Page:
Idaho’s Medicaid expansion may help businesses.  According to the Idaho Association of Commerce and Industry, a decision not to broaden Medicaid’s reach would cost between  $12.3 million to $18.5 million a year in penalties for large companies that don’t insure their employees and unspecified amounts for other businesses as their insurance and taxes continue to subsidize care for the uninsured.

The Affordable Care Act required states to expand their Medicaid programs, though last year’s Supreme Court decision made that expansion optional.  At any point Idaho can decide to offer Medicaid to its poorest adults, but lawmakers have made no moves toward expanding the program by next year.  Under the expansion, a single person working 30 hours a week at minimum wage or less, would qualify for Medicaid coverage.

Idaho has the largest portion of minimum-wage workers in the nation, with about 1 in 13 employees earning minimum wage ($7.25 hourly) or less.  Many can’t afford health insurance and starting in 2015, employers may face the choice between offering them insurance or paying a large fine.  Businesses with 50 or more full-time equivalent employees must offer health insurance benefits starting in 2015 or be subject to federal tax penalties.

If their employees qualify for Medicaid, the businesses wouldn’t have to provide health benefits and would avoid the fines.  Idaho’s decision on Medicaid expansion could provide a multimillion-dollar savings for the state’s businesses since many full-time employees would qualify.   Right now, there are few who qualify, leaving them uninsured and their employers facing huge fines in the future.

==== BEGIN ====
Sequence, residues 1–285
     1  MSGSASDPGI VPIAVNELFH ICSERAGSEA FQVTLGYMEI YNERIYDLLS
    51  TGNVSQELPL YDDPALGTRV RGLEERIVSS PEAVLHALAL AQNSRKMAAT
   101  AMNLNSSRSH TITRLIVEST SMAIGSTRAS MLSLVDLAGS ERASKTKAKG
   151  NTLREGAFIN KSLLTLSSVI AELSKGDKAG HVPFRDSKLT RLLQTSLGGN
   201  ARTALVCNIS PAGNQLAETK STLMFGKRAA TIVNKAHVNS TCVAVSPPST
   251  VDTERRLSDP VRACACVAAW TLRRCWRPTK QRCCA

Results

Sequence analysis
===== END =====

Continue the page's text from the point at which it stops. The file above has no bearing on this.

According to U.S. Census Bureau data from 2009, about 91,000 Idaho residents between ages 18 and 64 had incomes low enough to qualify Medicaid under an expanded system.   Nearly half of them were without any insurance coverage.

The Medicaid program would gain thousands of patients, many with untreated chronic illnesses. Federal taxpayers would pay 100 percent of the cost for the first few years, then shift slowly to the state, with the state required to pick up 10 percent starting in 2020.  If Idaho based businesses don’t offer low-premium plans to workers, they may be fined thousands of dollars for each employee who buys a subsidized health plan to comply with the rule that all Americans be insured—a substantial cost that could force many businesses to close their doors.